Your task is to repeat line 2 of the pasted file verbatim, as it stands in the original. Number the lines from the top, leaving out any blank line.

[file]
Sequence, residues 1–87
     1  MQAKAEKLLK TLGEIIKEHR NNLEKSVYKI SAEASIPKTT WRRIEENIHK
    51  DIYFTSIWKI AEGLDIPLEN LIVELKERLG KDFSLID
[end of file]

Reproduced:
     1  MQAKAEKLLK TLGEIIKEHR NNLEKSVYKI SAEASIPKTT WRRIEENIHK